March 1. 2018.
February, despite being a short month, was packed with stuff. Mardi Gras. Second Lines. A jazz funeral. And, of course, the horrible tragedy at Stoneman-Davis in Parkland, Florida. 17 people were murdered, most of them children.
This will stick with us for a long, long time.
After watching the survivors take control, I have a little hope. Young people helped change the world in the 1960s and 1970s. If you trace our history back far enough, you’ll find that many of the signatories of the Declaration of Independence in 1776, were somewhere between 18 and 22 years old.
Think about it.
For the first day of a new month, I chose to do a little painting. Well, digital painting. It’s a funny thing. Even though I keep telling you that this is a new style of work, a quick scroll of my Google Archives reveals that I’ve been doing this for about eight years in one form or another. In many way, I should be a lot further along in this journey. Documenting things like New Orleans culture seems to creep back in to my days.
I was talking to a colleague of mine, who said that as we move into our sixties and — hopefully beyond — that it might be time to give up the street. Time to move into other phases of our art. Of our craft. Of our business. I suspect that he’s right. For the most part I’ve given up photographing second lines and staying out for hours on Mardi Gras Day. I attributed that to some health issues. But, I’ve worked through most of those. I actually feel pretty good. Today.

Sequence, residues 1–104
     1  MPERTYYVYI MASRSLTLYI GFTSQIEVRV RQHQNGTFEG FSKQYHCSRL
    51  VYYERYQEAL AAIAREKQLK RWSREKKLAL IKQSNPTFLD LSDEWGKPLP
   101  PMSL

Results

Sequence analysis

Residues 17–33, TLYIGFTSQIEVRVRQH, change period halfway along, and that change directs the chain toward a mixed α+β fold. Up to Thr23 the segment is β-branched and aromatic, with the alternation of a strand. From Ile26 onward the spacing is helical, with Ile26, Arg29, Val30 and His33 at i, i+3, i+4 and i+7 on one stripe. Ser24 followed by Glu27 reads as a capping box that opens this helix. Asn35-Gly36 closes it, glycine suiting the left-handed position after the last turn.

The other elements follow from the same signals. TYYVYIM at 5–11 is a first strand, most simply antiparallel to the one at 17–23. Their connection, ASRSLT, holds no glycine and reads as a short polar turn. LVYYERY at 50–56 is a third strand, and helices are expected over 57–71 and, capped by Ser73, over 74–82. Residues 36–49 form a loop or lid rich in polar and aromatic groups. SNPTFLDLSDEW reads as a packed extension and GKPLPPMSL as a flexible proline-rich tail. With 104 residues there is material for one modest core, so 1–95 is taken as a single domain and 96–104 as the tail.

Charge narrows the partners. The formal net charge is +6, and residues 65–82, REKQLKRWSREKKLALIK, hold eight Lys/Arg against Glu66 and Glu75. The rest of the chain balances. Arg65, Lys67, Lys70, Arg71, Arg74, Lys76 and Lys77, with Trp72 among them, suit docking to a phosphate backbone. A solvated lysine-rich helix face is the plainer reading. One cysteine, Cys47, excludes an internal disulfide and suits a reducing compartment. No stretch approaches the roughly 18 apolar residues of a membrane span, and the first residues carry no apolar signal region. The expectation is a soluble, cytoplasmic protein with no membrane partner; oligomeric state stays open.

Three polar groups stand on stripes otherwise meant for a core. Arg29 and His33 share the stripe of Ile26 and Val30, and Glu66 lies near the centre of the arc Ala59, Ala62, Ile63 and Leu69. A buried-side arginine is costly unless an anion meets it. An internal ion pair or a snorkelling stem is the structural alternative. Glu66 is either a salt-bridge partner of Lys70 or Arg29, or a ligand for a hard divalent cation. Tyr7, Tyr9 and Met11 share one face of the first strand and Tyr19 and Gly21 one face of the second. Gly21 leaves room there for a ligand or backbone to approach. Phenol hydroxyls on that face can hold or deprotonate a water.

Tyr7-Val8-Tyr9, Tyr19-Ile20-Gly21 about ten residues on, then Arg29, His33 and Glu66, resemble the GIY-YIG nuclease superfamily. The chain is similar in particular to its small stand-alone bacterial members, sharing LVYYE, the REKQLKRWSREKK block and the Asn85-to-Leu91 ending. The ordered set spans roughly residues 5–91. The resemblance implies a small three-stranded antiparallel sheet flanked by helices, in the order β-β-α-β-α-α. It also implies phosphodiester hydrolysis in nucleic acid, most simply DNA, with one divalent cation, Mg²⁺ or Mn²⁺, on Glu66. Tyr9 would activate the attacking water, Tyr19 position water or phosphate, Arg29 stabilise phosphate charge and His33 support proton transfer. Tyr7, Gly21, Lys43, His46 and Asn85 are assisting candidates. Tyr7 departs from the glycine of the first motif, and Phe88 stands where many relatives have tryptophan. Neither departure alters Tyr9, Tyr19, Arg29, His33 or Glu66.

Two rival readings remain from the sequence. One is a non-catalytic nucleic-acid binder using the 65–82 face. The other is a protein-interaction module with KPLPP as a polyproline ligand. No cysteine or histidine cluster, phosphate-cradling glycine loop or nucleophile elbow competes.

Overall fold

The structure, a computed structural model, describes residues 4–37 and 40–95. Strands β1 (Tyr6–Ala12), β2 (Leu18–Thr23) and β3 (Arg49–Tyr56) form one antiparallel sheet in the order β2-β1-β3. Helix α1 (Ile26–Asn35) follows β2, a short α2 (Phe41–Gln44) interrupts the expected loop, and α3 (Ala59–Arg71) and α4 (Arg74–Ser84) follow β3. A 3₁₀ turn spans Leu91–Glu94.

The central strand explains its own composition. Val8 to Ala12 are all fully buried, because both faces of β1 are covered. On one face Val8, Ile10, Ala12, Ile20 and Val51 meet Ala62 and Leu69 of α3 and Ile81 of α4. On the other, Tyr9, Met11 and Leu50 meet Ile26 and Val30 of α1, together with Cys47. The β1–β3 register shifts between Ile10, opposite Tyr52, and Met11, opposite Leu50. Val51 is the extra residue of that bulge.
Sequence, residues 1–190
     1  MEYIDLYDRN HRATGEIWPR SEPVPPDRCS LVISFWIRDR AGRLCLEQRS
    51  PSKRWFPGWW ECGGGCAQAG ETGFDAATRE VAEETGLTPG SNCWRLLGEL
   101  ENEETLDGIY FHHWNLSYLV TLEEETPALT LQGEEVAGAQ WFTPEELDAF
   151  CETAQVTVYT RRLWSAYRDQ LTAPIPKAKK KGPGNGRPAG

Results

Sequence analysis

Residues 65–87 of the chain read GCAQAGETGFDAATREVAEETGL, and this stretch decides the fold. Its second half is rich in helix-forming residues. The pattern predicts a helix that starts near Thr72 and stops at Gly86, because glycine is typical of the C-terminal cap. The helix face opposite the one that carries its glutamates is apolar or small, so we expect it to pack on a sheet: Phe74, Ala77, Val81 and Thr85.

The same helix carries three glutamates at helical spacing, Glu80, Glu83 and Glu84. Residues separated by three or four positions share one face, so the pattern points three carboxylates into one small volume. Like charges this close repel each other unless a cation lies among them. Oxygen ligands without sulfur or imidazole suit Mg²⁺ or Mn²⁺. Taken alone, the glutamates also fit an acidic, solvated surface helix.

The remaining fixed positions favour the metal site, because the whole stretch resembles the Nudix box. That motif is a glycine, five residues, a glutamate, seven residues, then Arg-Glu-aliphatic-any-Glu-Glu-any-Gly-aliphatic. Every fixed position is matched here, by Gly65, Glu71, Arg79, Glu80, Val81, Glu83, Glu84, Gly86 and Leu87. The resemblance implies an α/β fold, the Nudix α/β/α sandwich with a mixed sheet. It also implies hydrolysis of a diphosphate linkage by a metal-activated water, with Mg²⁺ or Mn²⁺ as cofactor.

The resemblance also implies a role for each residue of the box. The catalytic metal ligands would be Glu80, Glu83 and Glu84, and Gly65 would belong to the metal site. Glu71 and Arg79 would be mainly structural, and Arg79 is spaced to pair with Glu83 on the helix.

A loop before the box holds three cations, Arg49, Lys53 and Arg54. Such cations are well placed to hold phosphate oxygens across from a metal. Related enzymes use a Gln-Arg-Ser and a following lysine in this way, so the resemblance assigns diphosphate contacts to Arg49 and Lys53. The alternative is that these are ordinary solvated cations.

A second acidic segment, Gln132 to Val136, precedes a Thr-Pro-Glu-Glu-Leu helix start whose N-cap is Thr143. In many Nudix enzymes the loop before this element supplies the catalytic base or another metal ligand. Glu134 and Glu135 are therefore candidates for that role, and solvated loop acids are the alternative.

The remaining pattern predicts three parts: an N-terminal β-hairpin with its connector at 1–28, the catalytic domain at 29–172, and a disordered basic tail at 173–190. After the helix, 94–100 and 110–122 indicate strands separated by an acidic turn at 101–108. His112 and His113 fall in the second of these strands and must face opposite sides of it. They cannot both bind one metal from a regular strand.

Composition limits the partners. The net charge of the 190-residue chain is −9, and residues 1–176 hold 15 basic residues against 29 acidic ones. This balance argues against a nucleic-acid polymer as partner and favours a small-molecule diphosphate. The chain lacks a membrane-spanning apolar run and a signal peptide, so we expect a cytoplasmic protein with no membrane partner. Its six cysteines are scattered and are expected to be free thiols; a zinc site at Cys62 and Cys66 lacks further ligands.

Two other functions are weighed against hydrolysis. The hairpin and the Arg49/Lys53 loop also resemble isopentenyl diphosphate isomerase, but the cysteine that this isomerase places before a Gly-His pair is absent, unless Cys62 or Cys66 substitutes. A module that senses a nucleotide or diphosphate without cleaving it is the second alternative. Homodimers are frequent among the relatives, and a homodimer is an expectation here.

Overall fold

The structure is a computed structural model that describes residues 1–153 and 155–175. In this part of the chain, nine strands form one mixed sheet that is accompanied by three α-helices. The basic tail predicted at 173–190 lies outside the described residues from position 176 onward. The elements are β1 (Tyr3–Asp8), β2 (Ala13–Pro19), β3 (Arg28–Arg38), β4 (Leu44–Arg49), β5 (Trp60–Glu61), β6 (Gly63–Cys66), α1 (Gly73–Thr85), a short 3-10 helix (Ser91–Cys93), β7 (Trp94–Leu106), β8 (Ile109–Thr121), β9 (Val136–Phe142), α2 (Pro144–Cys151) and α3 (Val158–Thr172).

That said, I still can’t seem to return to the street. I dip my toes in it. I make a few pretty good pictures. And, think to myself, “so what?” Yes. I know that the costumes and suits change yearly. But, to my photographic eye, the pictures look the same. They repeat themselves. They look dated even when they are brand new.
I’m in the middle of two experiments to help clarify that.
I’m going to photograph Sunday’s second line. Yeah. I know. I know. But, it’s a children and ladies parade. It’s Uptown. I want to see if I can work it in some different way.
Check out Friday’s Instagram post. Mostly I post in black and white. Friday’s image is monochrome and it’s of an Indian. It’s a very different way of doing that kind of post production process. Maybe the trick is to make pictures knowing that the image file is just the very beginning of a much longer process. That even if it looks good in color, there is a different final image.
In either case, you may not see the results. Or, maybe you will. It all depends.